Vegans Are Not Animal Lovers

It is a common misconception that vegans are animal lovers, which is why they go through extreme lengths to avoid harming animals. By implication, this suggests that if you’re not an animal lover, it is coherent to continue eating animals, since you don’t love them. This isn’t true in the slightest, for two reasons.

First of all, being vegan is not hard. Vegans live absolutely normal lives and don’t have to go through terrible ordeals to get their vegetables. Most of the things people eat contain a large proportion of vegan foods: rice, beans, vegetables, fruits, pasta, bread, nuts, and so on. Most of your calories already come from vegan products. There are many accidentally vegan products that you eat every day. Once you’re used to buying vegan alternatives to what you eat, and learn a few recipes, it becomes second nature. When I do my shopping, I spend no more time in the supermarket now compared to when I ate meat. Why? Because I already know what I need to buy to make my meals, and I basically know what is and isn’t vegan.

That is not to say being vegan is as convenient as eating animals, but doing the right thing isn’t always convenient.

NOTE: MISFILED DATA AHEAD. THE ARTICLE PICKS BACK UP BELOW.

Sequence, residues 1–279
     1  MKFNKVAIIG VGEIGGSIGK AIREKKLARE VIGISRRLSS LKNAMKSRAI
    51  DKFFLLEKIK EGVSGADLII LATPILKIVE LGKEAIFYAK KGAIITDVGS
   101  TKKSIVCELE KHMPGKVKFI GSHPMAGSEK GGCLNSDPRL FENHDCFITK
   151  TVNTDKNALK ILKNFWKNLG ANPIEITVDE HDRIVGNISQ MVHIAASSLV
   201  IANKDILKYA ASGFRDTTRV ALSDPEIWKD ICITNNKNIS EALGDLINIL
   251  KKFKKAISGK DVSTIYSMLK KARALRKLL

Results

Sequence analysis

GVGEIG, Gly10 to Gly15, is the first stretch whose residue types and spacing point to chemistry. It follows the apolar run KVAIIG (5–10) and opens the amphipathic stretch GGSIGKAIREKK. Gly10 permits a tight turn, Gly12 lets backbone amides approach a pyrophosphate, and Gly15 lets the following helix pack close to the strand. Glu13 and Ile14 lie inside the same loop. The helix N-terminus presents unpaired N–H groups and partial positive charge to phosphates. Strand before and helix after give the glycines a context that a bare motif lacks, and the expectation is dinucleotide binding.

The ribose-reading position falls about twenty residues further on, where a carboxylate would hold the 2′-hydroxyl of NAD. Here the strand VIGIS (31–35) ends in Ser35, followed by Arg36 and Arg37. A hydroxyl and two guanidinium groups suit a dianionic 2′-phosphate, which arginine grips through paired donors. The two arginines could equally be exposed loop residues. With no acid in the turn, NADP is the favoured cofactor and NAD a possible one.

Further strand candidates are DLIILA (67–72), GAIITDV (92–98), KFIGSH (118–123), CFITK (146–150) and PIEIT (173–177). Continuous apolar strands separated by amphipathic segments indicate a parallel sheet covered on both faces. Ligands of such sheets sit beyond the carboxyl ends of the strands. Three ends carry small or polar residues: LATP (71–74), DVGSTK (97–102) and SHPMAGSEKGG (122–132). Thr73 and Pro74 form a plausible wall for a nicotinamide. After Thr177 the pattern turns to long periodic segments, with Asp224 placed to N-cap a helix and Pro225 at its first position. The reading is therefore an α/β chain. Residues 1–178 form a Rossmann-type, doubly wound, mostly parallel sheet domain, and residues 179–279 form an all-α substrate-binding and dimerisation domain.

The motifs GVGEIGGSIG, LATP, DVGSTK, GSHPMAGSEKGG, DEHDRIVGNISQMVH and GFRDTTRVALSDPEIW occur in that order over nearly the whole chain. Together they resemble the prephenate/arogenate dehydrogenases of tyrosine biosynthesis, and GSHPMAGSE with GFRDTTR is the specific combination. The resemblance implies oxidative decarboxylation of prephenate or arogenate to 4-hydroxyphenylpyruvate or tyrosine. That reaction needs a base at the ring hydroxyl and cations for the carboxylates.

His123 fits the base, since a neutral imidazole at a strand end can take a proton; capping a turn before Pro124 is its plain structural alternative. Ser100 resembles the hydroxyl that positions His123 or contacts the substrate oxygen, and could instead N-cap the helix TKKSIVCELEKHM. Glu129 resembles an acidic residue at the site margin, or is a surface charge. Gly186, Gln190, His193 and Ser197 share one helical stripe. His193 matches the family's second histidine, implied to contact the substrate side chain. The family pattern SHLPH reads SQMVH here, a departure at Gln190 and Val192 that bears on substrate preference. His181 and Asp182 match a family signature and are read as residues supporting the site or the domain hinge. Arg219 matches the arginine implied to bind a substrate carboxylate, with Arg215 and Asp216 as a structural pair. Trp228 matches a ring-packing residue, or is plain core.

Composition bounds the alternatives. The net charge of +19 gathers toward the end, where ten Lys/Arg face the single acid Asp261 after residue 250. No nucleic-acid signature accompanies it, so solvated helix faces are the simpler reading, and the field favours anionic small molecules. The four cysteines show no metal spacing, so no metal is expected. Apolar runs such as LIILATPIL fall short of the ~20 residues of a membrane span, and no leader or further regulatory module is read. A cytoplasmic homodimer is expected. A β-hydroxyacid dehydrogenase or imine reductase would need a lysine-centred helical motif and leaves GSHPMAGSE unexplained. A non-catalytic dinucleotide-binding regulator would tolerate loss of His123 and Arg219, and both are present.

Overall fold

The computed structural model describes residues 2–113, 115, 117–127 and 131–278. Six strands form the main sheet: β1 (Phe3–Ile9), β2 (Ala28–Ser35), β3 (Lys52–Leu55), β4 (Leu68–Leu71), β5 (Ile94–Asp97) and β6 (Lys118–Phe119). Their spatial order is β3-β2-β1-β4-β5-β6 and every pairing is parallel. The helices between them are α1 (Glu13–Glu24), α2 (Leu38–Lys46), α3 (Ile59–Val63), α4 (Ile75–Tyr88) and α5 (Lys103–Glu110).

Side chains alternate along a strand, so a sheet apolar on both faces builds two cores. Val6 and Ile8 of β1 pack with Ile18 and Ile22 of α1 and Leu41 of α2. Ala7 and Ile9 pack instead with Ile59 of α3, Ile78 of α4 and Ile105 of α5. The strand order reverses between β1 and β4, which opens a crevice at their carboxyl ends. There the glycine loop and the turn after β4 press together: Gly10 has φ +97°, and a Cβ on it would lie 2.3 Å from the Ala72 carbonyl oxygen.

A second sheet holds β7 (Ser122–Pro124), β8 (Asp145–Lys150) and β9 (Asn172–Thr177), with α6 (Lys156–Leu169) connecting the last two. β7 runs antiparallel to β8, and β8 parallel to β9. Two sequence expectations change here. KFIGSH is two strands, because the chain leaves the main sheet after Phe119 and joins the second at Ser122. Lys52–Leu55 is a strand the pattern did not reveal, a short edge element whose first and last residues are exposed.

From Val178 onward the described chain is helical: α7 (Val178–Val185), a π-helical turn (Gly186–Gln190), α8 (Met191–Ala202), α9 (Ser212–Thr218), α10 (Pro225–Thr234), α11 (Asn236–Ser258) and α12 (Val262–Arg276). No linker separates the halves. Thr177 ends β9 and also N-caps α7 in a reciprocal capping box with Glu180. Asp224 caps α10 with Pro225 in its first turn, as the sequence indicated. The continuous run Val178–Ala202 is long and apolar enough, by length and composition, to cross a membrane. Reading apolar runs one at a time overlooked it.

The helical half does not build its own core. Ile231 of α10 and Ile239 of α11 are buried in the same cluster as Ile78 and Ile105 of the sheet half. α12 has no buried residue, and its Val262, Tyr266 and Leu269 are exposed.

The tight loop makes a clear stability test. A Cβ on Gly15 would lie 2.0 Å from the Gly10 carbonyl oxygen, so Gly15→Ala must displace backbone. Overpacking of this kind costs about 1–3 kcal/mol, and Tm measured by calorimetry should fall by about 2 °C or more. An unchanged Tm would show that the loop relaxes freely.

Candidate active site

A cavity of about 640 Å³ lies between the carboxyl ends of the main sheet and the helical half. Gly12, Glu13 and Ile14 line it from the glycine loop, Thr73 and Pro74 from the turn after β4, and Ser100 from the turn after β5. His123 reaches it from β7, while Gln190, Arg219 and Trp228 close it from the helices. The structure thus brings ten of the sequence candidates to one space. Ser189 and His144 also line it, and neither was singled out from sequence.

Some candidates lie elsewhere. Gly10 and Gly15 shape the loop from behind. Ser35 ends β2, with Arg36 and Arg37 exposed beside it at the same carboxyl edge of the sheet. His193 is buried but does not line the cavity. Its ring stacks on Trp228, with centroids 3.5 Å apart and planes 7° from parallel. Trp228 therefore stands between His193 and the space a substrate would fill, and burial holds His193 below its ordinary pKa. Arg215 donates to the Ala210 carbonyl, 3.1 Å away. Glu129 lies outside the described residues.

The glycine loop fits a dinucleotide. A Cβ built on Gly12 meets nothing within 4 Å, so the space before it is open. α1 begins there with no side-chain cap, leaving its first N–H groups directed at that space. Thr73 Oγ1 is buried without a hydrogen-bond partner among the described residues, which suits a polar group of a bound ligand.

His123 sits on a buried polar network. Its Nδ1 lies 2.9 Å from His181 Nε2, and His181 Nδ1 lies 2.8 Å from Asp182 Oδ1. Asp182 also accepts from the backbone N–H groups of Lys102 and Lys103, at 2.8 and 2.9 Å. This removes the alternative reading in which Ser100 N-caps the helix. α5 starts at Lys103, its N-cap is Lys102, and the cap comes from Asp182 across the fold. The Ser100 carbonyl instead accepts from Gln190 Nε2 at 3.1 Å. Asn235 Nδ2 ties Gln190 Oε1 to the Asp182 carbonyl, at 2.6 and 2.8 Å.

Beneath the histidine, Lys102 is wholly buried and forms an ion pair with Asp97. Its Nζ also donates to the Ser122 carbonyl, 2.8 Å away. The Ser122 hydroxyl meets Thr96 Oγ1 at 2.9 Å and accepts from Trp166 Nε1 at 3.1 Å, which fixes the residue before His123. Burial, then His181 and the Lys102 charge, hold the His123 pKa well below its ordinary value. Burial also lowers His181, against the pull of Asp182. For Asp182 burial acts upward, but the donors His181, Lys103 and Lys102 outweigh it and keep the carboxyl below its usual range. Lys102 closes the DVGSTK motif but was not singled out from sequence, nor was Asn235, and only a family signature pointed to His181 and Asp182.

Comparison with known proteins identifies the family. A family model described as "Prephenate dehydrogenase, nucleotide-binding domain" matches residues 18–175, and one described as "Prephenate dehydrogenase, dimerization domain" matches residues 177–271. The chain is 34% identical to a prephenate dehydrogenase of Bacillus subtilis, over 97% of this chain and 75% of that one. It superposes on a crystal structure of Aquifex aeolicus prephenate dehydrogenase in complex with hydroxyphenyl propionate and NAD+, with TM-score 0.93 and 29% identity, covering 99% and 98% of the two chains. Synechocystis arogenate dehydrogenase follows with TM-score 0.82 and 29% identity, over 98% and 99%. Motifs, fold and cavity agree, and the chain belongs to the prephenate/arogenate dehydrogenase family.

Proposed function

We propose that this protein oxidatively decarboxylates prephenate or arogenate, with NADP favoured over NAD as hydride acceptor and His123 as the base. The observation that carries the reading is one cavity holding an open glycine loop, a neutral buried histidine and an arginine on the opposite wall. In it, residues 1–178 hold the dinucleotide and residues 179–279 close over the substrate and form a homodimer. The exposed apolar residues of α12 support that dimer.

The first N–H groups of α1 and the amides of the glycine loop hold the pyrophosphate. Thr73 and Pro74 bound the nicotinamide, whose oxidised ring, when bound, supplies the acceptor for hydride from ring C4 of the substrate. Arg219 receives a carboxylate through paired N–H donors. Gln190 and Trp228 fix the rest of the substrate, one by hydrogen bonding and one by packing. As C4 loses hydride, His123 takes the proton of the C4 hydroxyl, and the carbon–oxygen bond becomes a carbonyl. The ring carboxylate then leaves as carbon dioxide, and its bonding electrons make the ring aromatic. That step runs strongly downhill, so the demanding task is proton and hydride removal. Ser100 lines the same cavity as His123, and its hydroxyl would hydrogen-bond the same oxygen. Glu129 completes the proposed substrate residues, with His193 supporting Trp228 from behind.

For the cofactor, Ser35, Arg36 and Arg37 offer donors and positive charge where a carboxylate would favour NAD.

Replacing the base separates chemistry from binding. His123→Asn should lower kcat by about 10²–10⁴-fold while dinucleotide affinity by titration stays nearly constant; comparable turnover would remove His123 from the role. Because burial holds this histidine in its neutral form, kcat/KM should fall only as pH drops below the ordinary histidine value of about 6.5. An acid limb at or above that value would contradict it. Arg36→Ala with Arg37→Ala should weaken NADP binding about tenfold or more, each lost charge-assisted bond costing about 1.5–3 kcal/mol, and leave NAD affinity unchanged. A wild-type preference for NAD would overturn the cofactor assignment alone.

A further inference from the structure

Also, you don’t need to love animals to be against killing them. Being vegan is more about respect than about love. I don’t like all humans (in fact, I really dislike some), but I know they have a right to live, so I will not infringe that right for trivial reasons. A similar logic applies to animals. I’ve never loved to cuddle dogs and I never understood why there is so much excitement about cute cat pictures. However, I recognise that animals are sentient beings. That is, that they can subjectively experience pain and pleasure.

The only premise you need to be vegan is to accept that animals have some moral value. The value of their life, always, is larger than the value of our convenience or pleasure. Veganism, which means merely to avoid contributing to the exploitation and death of animals as far as practicable and possible, follows logically from this premise.

Now, just because not all vegans are animal lovers, that doesn’t mean not all animal lovers should be vegan. If you truly love animals, I’m sure you’d be emotionally and rationally compelled to reduce your negative impact on their lives. “Animal lover” and “meat eater” are, in a sense, contradictory.

Most human beings, including us that don’t necessarily love animals, implicitly agree that animals have moral value. This is why we try to rescue dogs and cats from burning buildings, and why we don’t like it when animals are hurt. We acknowledge they can suffer. If you acknowledge this, I’d encourage you to give veganism a go. The animals deserve it.

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